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Can you aerate a glass of water outside your room for an hour and then check the pH? It does sound like you've tried enough things to eliminate high CO2 as the cause but it won't hurt to double check.

 

What controller do you have? I can't tell based on the screenshot. It seems you've ruled out everything except for a bad pH probe and a bad controller.

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i read some where tropic marine pro is designed to have low ph/alc so you can run cal reactor/dose kalk, ect. try using tropic marine normal or redsea or instant ocean (tho i have low ph with instant ocean) when i buy natural seawater (the kind in jugs at fish stores and petco that cost way tooo much) my ph and alk balance out ..

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I've been dealing with a pH below 8 for the past several months as well. You really should test alk and calcium at the very least, also testing magnesium would be ideal. My alk had been hovering at 7 while my calcium had shot up to 540 by only doing weekly water changes. I'm now in the process of trying to get the calcium down and alk up.

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the salt you are using is meant for a reactor. If you are not using this it will be hard to maintain correct levels of alk, etc which will cause a low ph.

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Is your home heated by natural gas? If so, thats your problem. Natural gas puts CO2 into the air and that causes the level of CO2 to rise in your tank and drop the pH. I always run into the same problem each winter. Get an airpump and airstone and put the airpump outisde your window and run the stone into your tank. Or better yet if you have a skimmer run the airline outside your window. This will help dramatically and stabilize the pH. It may still average lower on cold days, but you probably wont see the bigger ph drops. Also do test your alkalinity. Higher alk will help keep your pH up.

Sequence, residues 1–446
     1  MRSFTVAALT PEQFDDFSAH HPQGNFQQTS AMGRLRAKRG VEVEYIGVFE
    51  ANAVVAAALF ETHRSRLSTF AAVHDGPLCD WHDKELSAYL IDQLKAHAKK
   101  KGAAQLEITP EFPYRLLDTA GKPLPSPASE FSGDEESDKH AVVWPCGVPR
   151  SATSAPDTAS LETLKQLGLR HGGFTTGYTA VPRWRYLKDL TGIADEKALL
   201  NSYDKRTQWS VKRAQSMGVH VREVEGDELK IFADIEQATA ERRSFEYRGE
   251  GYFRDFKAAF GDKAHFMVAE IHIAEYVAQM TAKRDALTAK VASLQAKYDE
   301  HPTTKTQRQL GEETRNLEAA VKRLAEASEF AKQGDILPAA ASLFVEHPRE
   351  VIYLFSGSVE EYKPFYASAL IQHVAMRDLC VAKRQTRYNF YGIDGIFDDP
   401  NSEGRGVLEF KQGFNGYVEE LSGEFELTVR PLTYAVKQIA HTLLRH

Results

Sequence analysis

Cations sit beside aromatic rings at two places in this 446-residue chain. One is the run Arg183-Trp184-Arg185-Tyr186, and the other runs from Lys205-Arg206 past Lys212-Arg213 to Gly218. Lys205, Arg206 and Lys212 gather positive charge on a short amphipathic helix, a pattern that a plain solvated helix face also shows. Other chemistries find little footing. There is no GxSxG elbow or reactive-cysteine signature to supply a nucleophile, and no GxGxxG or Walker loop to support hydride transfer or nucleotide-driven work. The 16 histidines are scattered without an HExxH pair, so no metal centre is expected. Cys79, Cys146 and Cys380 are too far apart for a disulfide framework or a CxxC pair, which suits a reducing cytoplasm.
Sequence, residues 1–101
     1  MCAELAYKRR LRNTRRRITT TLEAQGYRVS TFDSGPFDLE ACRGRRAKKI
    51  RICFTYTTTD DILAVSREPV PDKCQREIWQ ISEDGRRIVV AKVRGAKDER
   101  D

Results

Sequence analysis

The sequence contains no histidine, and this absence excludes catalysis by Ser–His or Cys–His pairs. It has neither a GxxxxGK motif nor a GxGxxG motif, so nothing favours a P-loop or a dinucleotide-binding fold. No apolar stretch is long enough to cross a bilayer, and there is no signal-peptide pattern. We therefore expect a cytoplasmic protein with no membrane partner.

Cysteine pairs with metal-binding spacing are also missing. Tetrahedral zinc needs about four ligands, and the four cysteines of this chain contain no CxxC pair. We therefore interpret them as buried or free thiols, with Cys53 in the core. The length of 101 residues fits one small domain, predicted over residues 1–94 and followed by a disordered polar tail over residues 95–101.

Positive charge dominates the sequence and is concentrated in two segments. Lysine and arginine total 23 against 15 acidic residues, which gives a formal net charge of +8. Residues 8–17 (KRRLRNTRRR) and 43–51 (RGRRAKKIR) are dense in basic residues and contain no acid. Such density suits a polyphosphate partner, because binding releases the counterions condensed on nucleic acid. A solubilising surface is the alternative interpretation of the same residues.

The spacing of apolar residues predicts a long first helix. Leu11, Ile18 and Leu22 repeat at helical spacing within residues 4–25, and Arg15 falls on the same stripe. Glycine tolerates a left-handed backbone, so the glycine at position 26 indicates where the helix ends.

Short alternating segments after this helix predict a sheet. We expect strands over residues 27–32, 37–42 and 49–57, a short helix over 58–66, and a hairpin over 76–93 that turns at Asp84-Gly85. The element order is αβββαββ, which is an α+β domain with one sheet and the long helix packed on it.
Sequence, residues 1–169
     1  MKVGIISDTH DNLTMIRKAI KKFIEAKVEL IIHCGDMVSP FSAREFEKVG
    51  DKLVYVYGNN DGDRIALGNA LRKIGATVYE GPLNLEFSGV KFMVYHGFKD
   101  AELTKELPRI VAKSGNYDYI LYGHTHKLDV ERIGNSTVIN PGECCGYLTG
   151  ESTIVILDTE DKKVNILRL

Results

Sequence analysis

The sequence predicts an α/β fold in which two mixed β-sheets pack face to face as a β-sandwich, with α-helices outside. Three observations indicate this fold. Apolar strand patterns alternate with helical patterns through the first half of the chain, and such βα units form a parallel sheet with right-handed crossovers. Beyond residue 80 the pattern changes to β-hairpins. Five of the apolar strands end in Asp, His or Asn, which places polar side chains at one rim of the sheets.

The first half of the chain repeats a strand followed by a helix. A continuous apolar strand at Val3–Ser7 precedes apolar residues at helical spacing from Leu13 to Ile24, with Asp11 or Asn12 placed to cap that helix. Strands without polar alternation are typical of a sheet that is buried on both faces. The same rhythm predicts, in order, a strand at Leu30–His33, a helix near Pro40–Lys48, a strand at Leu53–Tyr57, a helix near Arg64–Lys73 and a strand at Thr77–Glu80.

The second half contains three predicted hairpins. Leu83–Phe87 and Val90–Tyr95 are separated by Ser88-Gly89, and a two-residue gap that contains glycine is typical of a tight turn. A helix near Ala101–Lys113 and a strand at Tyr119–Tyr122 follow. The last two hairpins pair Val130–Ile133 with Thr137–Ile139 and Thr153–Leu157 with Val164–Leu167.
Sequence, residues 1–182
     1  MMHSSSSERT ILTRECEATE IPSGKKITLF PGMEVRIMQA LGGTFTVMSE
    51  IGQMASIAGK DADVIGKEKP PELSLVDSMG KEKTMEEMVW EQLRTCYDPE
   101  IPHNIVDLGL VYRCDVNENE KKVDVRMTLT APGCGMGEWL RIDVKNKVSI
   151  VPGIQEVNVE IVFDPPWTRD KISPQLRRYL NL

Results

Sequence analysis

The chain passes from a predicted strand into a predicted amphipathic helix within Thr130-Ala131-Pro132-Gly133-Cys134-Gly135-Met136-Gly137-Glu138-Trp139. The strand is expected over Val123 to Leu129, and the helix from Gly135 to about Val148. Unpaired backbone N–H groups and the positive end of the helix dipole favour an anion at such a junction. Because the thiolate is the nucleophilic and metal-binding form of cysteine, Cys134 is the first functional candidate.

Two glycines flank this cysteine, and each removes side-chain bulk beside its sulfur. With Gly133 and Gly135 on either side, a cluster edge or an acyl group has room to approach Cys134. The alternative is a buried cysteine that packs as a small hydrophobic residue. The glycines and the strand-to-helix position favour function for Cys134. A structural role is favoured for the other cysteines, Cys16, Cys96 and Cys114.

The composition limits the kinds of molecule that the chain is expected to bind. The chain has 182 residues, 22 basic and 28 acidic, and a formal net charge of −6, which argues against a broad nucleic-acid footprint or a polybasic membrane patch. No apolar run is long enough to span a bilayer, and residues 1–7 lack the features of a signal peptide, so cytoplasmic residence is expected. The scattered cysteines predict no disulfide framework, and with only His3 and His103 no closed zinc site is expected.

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I will put my money on your use of Tropic Marin Pro, which is designed for use with a Ca Reactor. Without you will have low PH.

 

I know this, because this is exactly the same salt I use, and i have to buffer constantly. Once I deplete my supply to the 20% remaining level, I'm switching to the standard Tropic Marin salt and mixing them together to transition myself out of the Pro salt.

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Is your home heated by natural gas? If so, thats your problem. Natural gas puts CO2 into the air and that causes the level of CO2 to rise in your tank and drop the pH. I always run into the same problem each winter. Get an airpump and airstone and put the airpump outisde your window and run the stone into your tank. Or better yet if you have a skimmer run the airline outside your window. This will help dramatically and stabilize the pH. It may still average lower on cold days, but you probably wont see the bigger ph drops. Also do test your alkalinity. Higher alk will help keep your pH up.

 

Lack of Oxygen in the air may be a potential cause of the problem, but i'm really hoping that's not the case. The tank is on the other side of the room and is about 20 feet away from the window. Not easy to run a tube the length to the tank. Also, AquaC Remora skimmers don't have an airline like typical skimmers do, so I unfortunately can't hook anything up to that.

 

 

This is a good overview of low pH and its causes and cures. Also, double check your calibrations with either a different pH probe/test or solutions. :

http://reefkeeping.com/issues/2004-09/rhf/index.php

 

Thanks for the link lak! I've read that article on numerous occasions, especially recently as this issue has become more and more of a sore thumb for me.

 

 

I will put my money on your use of Tropic Marin Pro, which is designed for use with a Ca Reactor. Without you will have low PH.

 

I know this, because this is exactly the same salt I use, and i have to buffer constantly. Once I deplete my supply to the 20% remaining level, I'm switching to the standard Tropic Marin salt and mixing them together to transition myself out of the Pro salt.